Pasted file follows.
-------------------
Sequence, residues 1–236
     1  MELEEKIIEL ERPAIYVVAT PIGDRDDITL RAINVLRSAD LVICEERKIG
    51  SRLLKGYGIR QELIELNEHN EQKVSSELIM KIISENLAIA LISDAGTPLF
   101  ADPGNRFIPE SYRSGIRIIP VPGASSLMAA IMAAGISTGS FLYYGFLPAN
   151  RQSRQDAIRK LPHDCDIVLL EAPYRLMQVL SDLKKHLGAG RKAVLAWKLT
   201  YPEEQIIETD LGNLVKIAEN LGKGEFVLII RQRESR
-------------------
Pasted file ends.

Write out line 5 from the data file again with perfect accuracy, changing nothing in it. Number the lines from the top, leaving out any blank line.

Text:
   151  RQSRQDAIRK LPHDCDIVLL EAPYRLMQVL SDLKKHLGAG RKAVLAWKLT